Since then, Franklin Park has remained a fixture on the city’s municipal golf scene. A 16-year-old Tiger Woods, in town for the 1992 U.S. Junior Amateur Championship at Wollaston Golf Club, put on a youth clinic at Franklin Park. The city put together a master plan for continuing upkeep of the course, which went into effect in 2001, just before Heller signed on. And in July, a half-century after the Grove Hall riot nearly shut the place down for good, the William J. Devine Course at Franklin Park played host to the most revered amateur golf event in the state.
The Massachusetts State Amateur Championship (abbreviated to Mass Am by the locals) is the crown jewel of the state’s amateur golf season, and as such, the list of courses that have hosted the event is studded with gems like Myopia Hunt Club, Essex County Club and The Country Club. Wollaston, Woodland Golf Club, Brae Burn Country Club, Charles River Country Club and Taconic Golf Club, among many others, have also opened their doors to Massachusetts’ best amateur golfers. But despite a history that predates two of the four majors, this was the first time the Mass Am had been played at a public, daily-fee golf course.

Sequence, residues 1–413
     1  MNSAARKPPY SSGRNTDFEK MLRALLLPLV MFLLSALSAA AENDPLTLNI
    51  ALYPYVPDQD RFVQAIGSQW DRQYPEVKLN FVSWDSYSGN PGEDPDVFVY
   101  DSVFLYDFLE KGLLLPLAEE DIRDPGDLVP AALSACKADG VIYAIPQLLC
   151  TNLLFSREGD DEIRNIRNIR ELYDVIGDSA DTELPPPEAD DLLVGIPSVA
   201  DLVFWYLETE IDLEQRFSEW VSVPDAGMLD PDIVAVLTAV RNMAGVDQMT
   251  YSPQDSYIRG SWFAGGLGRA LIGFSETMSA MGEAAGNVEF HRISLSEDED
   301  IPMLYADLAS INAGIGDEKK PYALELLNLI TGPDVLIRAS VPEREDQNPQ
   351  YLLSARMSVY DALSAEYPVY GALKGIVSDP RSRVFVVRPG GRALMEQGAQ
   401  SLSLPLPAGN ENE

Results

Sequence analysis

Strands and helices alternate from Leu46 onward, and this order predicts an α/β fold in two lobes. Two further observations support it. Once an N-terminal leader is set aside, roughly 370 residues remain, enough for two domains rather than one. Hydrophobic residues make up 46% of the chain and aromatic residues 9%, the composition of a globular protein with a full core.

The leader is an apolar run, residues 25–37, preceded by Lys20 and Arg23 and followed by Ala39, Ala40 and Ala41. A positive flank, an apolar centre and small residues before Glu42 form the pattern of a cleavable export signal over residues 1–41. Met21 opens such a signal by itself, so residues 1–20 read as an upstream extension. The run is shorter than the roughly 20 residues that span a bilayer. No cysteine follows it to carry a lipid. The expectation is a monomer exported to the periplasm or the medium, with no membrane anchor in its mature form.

Chatting on a sunny day in the mid-50s in the lead-up to the event, Heller was bullish on the Park’s ability to host. His only concern was an immediate one: a required CPR/first-aid class that kept him inside and off the golf course all morning. (“Can you believe that, on a day like today?”)
With his usual low-key confidence, he said his team wasn’t doing anything out of the ordinary to prepare the course. They would make some minor alterations to the summer schedule: The greens would get aerified earlier than usual so they would roll true by July; give a few bunkers a facelift rather than focus on less visible projects, like drainage; do some extra seeding and sod work on some rough patches. For so many, after so long, this tournament marked a major victory for Franklin Park. For Heller and Gisele, it sounded like just another important task on their never-ending checklist.